The scale is normally the primary (and only) measurement used to track progress when it comes to a fat loss (or weight gain) goal. There are lots of other ways to track progress (I will mention them later in the article), but for the majority the scale is the main attraction.
The problem is that most people don’t know how to use it properly.
This causes a lot of negative association and shame around weight loss.
First thing that you need to know when using the scale to track progress is understanding that weight can and will fluctuate throughout the day and day to day. The reasons for these fluctuations range from: hormonal changes, water weight, food intake, training and activity levels, time of day, and sleep just to name a few. The two main culprits you run into when you look at one single weigh-in are inflammation after an intense training session which makes you retain water and increase carbohydate consumption after an intense training session (or bad weekend) to aid in recovery which increases water retention. This is the reason why you need to track your weight over weeks consistently, not randomly before making any changes.
To go deeper this means you need to track your weight at least 3 days a week at the same time and day(s) (preferably first thing in the morning before you eat, after you use the bathroom, butt naked) for at least two weeks before you make any adjustments to your diet or training regime. This allows you to get real data on how your weight actually fluctuates and whether you’re actually moving in the right direction.
What most people do is check their weight randomly like on Monday morning after having a bad weekend, then they either get discouraged or upset because now they have to spend the next day or two making up for eating poorly on the weekend. If they don’t give up they eventually get their weight back to where they think it should be then continue to repeat that cycle. The issue with this is there’s no structure to see your patterns and you don’t have a plan for how to handle the weekend (which is a different topic for another time).
Once you determine the days and times you will track your weight; you should then take a weekly average (adding up your weight of all the days you tracked divided by the amount of days you tracked) to see if there was an increase or decrease in weight.
Example: Clients Initial Weigh-in is 200lb (Goal is 180lbs); decides to track weight first thing in the morning on Monday, Wednesday, and Saturday.
Week 1: Monday: 201lbs, Wednesday: 198lbs, Saturday: 199lbs
Weekly Average Weight = 199.3lbs; Weekly Change from initial weigh in = -0.7lbs
When you’ve tracked your weight for at least two weeks you can take a weekly average and make adjustments accordingly.
Continuing the example above:
Week 2: Monday: 199lbs, Wednesday: 197lbs, Saturday: 198lbs
Week Average Weight = 198lbs; Weekly Average (Weight change from week 1 to week 2) = -1.3lbs
In this case the client is moving in the right direction because they’re weight has gone down both weeks. For a fat loss goal the average weight loss is 0.5-1% of total body weight weekly. For the 200lb person used in the example above that’s about 1-2lbs per week.
Disclaimer: the percentage of weight loss will be a lot lower for most people because your diet is not set up correctly (or your metabolism will change while you’re in a fat loss phase which is a sign you need to make adjustments), your not training effectively (too much cardio and not enough resistance training or too little movement and exercise), they don’t have a plan for the weekend (this is typically what messes most people up), or there are some hormonal issues that need to be addressed. Also a single week increase in weekly average may not necessarily call for any major changes to be made; for instance if your weekly average came out to be 1-2lb weight gain it could be for a number of reasons and may be best to give it another week to see if there's a trend.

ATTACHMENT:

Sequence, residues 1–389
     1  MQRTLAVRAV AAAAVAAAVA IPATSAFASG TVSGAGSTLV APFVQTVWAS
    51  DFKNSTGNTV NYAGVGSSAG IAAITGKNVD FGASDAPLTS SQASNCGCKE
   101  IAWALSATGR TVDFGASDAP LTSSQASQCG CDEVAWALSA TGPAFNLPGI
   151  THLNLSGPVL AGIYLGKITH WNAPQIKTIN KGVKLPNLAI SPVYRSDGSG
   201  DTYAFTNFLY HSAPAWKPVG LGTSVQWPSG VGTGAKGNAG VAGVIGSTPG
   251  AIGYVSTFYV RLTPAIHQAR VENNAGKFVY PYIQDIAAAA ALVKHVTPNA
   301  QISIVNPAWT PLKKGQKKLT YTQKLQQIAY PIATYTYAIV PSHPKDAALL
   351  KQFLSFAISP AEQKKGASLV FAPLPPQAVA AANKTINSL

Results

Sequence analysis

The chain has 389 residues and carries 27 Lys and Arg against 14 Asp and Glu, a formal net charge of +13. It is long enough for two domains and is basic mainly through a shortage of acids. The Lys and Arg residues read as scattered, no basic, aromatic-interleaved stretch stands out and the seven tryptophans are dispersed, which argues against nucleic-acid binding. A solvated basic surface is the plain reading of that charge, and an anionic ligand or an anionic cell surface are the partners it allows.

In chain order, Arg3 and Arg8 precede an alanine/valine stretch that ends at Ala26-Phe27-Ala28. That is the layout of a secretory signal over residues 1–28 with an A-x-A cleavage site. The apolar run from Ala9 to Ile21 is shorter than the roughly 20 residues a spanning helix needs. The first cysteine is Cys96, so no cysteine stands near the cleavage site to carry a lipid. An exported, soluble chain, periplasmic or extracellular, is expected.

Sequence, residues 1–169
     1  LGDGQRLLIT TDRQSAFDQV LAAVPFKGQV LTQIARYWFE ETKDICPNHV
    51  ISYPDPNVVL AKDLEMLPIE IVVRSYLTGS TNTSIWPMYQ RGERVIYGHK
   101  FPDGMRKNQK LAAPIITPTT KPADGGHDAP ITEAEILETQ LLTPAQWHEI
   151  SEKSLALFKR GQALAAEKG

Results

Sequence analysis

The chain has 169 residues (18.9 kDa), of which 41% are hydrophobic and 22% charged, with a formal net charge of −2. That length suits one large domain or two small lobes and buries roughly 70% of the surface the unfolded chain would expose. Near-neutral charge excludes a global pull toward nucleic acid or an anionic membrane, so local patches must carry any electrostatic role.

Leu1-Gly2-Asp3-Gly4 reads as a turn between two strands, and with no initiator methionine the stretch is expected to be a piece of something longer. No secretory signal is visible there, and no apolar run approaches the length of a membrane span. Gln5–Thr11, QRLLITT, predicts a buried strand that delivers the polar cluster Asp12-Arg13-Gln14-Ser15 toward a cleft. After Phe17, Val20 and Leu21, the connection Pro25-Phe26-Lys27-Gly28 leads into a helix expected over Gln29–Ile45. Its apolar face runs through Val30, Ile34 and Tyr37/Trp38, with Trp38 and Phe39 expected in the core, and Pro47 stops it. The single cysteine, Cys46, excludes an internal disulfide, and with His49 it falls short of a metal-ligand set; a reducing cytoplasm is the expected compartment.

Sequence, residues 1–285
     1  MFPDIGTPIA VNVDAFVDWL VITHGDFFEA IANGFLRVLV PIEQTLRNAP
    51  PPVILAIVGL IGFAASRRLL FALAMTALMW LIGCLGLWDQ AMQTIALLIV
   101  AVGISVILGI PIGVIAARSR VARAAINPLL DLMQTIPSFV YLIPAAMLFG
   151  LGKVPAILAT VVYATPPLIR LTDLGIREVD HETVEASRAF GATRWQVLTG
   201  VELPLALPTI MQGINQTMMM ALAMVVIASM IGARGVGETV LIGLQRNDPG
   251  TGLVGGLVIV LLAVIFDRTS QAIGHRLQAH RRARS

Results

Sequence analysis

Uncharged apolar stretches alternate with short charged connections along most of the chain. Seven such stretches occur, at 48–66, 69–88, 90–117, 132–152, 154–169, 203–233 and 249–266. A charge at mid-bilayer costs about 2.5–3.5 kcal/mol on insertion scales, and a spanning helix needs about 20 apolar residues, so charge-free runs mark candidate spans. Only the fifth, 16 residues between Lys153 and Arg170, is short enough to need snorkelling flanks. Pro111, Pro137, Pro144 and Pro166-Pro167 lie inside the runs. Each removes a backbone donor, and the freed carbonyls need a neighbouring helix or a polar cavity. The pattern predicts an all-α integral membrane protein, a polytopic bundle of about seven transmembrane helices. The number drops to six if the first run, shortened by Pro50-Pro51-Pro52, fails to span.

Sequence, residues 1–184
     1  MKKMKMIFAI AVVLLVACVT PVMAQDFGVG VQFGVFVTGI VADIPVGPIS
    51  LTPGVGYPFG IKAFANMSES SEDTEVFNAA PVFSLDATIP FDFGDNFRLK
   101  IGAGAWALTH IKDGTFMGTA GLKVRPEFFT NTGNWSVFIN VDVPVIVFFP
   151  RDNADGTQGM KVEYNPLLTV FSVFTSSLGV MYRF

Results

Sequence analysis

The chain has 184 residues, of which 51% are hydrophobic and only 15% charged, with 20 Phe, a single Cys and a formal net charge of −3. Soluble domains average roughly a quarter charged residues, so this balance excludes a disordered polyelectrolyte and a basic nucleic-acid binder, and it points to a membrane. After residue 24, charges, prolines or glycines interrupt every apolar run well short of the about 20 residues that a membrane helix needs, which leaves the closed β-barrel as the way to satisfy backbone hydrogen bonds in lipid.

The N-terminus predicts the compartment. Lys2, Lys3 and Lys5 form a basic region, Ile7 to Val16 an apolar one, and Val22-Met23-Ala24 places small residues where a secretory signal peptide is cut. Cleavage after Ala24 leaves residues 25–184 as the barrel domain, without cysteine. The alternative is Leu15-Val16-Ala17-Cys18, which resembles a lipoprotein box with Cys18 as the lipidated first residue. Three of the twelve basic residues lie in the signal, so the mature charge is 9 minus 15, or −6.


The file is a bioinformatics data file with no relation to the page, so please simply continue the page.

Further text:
Other Methods To Track Progress
When it comes to fat loss being the goal, the number on the scale does have some importance, but it shouldn’t be the only tool you're using to track progress.
Other Ways To Track Progress:
Consistency (Especially in the beginning this is huge)
Strength Gains (Every Mesocycle - typically 2-6 weeks)
Progress Pictures/Body Circumference Measurements (Every 4-6 weeks)
Increased Energy Level & Improved Sleep
Health Biomarkers (Long-term changes)
More Advanced Methods:
Skinfold Measurements (Weekly or Every 4 Weeks) - Gives you relative body fat changes along with other track parameters
Bioelectric Impedance Analysis (Every Change in Phase of Training) - Gives you an idea of relative changes at the start of each phase of training. Direct number may be inaccurate, but the direction of change is reliable.
Dexa/Bod-Pod/Hydrostatic Weighing (Every 10-16 weeks or 6 months) - One of the best methods when tracking long-term changes in body composition accurately if done under the same conditions every time.
It’s clear that by simply tracking your progress using the scale won’t get the results you want; your diet, training plan, sleep, activity level outside of training, stress, and relationships will affect your progress as well. But, if you're not tracking or measuring at all you won’t know whether or not you need to adjust. I’d also recommend you to log your food for at least two weeks to get a clear picture on your eating habits to make more informed changes.
If you found value in this article please leave a comment and share it with friends and family who are looking to make changes.
Thank you Coach Wendell.